Rosa inermis Roxb., Fl. Ind. ed. 2, 2 (1832) 516, non Mill. (1767), nec Bosc (1821), nec Luce (1823); R. banksiae var. alboplena Rehder ex L.H. Bailey, Stand. cycl. hort. 5 (1916) 2988.
Banksian rose; German Banks Rose; phuang roi (Thailand).
China, Japan.
Cultivated in India and in central Iraq.
The cortex of the root is used for tanning; roots and leaves are drugs in India and China and used in the folk medicine.
Ref.: Ghora & Panigrahi 1995, 481 pp.; Husain & Kasim 1975, 275 pp.; Wealth of India 9, 1972.
(2001)  Page(s) 448.  
Rosa beggeriana Schrenk ex Fisch. & Mey., Enum. pl. nov. (1841) 73.
Rosa anserinaefolia Boiss., Diagn. pl. orient., ser. 1, 6 (1845) 51; R. silverhjelmii Schrenk in Bull. Acad. Sci. St. Pétersb. 2(1847) 195; R. lehmanniana Bunge in Mém. Sav. Etr. Acad. Sci. St. Pétersb. 7 (1854) 287; R. regelii Reuter, Cat. Grain Jard. Bot. Genève (1867) 4.
Russian roza beggera.
Iran, Middle Asia, Afghanistan, W Pakistan W China.
Because of its high Vitamin C content cultivation and use of the fruits in the Ukraine.
Ref.: Komarov 10, 1941; Vul'f & Maleeva 1969, 566 pp.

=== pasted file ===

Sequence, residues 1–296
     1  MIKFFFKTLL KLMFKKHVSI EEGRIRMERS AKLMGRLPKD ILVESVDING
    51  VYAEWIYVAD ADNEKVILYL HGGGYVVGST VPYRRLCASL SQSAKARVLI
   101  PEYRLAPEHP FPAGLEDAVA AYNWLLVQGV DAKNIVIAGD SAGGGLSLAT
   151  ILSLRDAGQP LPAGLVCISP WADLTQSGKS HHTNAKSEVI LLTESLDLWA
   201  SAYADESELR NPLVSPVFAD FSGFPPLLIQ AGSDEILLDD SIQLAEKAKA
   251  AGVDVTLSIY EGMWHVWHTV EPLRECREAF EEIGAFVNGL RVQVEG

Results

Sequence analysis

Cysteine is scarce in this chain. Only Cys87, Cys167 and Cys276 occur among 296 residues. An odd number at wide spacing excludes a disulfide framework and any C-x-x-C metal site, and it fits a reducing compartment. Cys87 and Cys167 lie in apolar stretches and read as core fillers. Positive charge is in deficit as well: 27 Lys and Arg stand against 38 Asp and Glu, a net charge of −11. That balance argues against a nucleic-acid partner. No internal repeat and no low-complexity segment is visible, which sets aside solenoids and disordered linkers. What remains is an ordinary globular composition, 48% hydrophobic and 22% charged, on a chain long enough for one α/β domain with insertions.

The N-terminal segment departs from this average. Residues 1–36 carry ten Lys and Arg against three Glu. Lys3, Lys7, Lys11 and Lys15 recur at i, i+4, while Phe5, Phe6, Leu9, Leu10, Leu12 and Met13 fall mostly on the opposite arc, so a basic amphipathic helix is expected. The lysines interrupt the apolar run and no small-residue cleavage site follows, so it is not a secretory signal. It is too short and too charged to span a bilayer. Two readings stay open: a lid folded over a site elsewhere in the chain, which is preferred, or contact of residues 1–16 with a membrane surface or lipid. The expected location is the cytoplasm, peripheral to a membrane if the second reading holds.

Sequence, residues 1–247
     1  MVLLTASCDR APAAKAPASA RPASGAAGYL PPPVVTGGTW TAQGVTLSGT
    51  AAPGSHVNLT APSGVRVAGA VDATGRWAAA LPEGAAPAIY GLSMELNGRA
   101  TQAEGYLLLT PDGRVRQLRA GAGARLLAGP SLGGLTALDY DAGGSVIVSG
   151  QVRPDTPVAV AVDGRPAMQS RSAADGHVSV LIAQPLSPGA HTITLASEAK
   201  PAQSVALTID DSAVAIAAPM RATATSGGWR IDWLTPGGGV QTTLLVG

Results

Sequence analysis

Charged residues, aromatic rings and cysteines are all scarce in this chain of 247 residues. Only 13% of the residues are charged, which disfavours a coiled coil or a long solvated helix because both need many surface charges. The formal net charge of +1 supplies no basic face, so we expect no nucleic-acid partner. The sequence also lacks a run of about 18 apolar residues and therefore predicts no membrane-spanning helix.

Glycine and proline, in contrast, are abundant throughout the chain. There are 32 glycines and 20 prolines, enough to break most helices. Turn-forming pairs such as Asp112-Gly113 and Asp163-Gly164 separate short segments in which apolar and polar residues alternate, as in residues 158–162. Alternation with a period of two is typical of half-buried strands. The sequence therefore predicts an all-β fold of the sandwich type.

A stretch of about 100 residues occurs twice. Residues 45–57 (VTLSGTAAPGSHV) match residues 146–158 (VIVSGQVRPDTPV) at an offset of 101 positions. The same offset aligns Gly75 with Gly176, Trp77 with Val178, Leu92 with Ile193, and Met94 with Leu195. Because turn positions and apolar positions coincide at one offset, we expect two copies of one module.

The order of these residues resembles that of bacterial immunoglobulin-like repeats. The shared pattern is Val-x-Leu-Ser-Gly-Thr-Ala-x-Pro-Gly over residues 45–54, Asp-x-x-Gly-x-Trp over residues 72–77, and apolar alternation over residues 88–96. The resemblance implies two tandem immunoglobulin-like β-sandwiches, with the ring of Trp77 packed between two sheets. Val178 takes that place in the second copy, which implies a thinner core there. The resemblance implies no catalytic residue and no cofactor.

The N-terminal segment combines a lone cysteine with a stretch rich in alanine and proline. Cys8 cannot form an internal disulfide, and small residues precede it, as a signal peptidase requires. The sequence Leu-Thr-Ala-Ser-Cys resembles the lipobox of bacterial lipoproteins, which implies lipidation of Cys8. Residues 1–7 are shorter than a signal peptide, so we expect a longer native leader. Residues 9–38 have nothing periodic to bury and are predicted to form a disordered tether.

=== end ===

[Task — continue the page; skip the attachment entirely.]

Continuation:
(2001)  Page(s) 447.  
Rosa californica Chamisso & Schlechtend. in Linnaea 2 (1827) 35.
Californian rose; German Kaliformische Rose.
North America (from Oregon to Lower California).
Occasionally cultivated for the fruits in the USA.
Ref.: Sánchez-Monge 1981, 467 pp.
(2001)  Page(s) 449.  
Rosa chinensis Jacq., Observ. bot. 3 (1768) 7, t.55.
Rosa sinica L., Syst Voy. ed. 13(1774) 394, Forma calyce monstr.; R. indica sensu Lour., Fl. cochinch. (1790) 323, non L. (1753); R. nankinensis Lour., l.c.323; R. semperflorens beta Lawr., Roses (1799) t.26; R. bengalensis beta chinensis Pers. Syn. Pl.2 (1806) 50; R. indica vulgaris Thory in Redouté, Roses 1 (1817) 51; R. indica var. bengalensis K. Koch, Hort. dendrol. (1853) 122.
China rose, Bengal rose; German Chinesische Rose; Chinese (tsiao mui hoa); kat gulab, kanta (Bengal); Korean wõlkyéhwa.
China, precise wild area unknown.
In many forms for a long time in cultivation as ornamental shrub in many countries of the world. In India cultivated for its fruits. They are used also as a drug.